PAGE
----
Cooking Green Herbal Soap
As spring arrives with its blossoming gardens and blooming orchards, it’s prime time for people to rekindle their care for nature through new, innovative activities. Over the past few weeks, a couple of tree-hugging Richard Montgomery rockets gathered to puzzle together and test-out a recipe for green herbal soap–an anti-bacterial, eco-friendly, hand-cleaning agent that generates 0% pollution.
Not only is this fun-sized, fragrant specimen a plus for keeping our waters clean, its making offers the perfect pastime for friends to convene and deepen their bonds.
How to Make Soap?
The idea of “cooking” soap has been around for a couple centuries, probably most concretely portrayed in one scene from Gone With the Wind when Scarlett O’Hara stirred a pot of seaming oil under a burnt barn. Indeed, that is the base ingredient for an eco-friendly soap: cooking oil!
By mixing oil (vegetable, corn, olive, etc), lye, and water together under the right temperature and proportions, anyone can churn out a bar of usable soap. More interestingly, if one adds certain herbal and fruit extracts, the soap can even become anti-bacterial and pleasing to the nose.
Before starting the soap-making process, you need to take safety precautions. Lye is a caustic soda. The use of lye should not be taken lightly and parental supervision is recommended for using lye in the soap-making process.
- As a caustic soda, lye can be very dangerous if it gets on your skin, in your eyes, inhaled or ingested. Wear long sleeves, goggles, gloves and face mask for protection.
- Make the soap in a well-ventilated room.
- Always add lye to water. The lye should be added slowly and into a container that can handle heat. The mixture of lye and water causes a chemical reaction that produces heat.
- Afterwards, do not use any of the equipment used to make the soap for food preparation.
- Learn more about safety precautions when making soap.
Here is a step-by-step guide on how to make this charming soap:
- Measure one cup of corn and one cup of kernel oil, pour into pot, set the pot on a heater and turn the heater to 40-50 degrees Celsius
- Measure ¼ cup of tap water
- Add five teaspoons of 1x lye (ALWAYS ADD LYE TO WATER), gently mix the two together by stirring for five to ten minutes. Follow safety precautions.
- Gently add it into a pot of oil after removing the pot from the hotplate.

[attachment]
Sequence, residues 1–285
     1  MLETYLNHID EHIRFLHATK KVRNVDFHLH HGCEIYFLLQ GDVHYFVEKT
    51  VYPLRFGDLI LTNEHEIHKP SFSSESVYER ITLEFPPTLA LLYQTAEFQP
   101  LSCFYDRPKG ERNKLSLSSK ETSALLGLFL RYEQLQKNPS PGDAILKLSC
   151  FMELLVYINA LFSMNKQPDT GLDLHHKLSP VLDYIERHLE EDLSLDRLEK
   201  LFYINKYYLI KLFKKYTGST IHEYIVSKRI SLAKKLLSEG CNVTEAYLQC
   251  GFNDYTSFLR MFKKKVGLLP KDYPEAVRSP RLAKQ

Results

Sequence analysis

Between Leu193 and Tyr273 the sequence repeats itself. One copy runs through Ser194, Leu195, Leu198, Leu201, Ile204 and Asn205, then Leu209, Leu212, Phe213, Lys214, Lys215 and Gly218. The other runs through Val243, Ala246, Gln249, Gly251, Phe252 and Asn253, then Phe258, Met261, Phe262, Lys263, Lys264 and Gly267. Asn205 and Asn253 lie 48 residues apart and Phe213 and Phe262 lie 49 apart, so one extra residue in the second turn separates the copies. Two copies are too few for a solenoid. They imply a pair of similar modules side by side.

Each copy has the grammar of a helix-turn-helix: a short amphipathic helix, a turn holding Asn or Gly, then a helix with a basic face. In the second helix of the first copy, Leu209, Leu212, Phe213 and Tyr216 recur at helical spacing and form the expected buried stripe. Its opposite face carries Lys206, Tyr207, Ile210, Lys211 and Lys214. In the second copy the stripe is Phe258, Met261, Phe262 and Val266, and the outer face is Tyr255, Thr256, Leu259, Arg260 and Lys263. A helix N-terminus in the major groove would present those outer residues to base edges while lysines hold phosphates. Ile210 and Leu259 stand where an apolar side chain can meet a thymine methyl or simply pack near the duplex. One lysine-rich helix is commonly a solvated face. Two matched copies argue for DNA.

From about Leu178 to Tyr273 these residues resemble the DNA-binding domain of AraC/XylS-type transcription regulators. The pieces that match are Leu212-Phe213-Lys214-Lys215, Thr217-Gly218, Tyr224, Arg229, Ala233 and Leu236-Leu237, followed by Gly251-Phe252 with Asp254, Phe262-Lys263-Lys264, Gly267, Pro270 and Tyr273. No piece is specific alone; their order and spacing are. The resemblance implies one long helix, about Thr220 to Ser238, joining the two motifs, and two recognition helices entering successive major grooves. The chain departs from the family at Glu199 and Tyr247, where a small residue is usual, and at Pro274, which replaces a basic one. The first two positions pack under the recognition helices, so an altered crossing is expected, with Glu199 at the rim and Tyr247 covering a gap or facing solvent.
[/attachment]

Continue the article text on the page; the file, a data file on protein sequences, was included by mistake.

- Add extra ingredients to your liking. For anti-bacterial additives, consider Yarrow and Calendula herbs, for fragrance, consider lemon and grapefruit extracts.
- Start stirring the grand mixture until the material became viscous. A ‘trace’ should appear, during which white foams begin to form around the mixture.
- Pour the mixture into different sized containers to cool for 24 hours, during which time the soap solidifies. Cover the product with plastic wrap. One may consider pouring the mixture into containers of different shapes to create fun-sized soaps (such as star, crescent-moon, or a heart-shaped container)
- Afterwards, 4-6 weeks are needed for the soap to ‘cure,’ or for the water to be evaporated. Long cure-periods result in finer soaps.
There we have it! A 100% natural-ingredient, handy cleaning tool and a creative present for friends. View another simple soap-making recipe.
Benefits of using home-made soap:
- It’s cost-effective!
- Making soap is an engaging, fun chemistry and biology lesson for kids
- The art of soap-carving always has its charms
- It can help wildlife. Studies have shown that Triclosan, a chief component of commercialized hand-soaps, can now be found in streams and aquatic habitats. (It gets into aquatic habitats through our drain system). Triclosan can pose a risk to wildlife, particularly their hormone function. Crafting and using our own soap bars can reduce Triclosan-pollution and hazards down the chain.
So why wait? All ingredients are available at Home Depot and a little time on a Sunday afternoon can yield a month-need of soap for an entire household.
At Richard Montgomery High School, a couple green-agents have already made a batch of our green herbal-soap and we’re currently exploring possibilities of replacing the commercial foam-soaps in student bathrooms with our invention. This is a small, yet sound step to conserve our environment.
Environmentalism and entertainment are intertwined. There are streams of freshwater to be saved and barrels of fun to be harvested through crafting a soap-bar.
Guest Article by Jessica Li, student, Richard Montgomery High School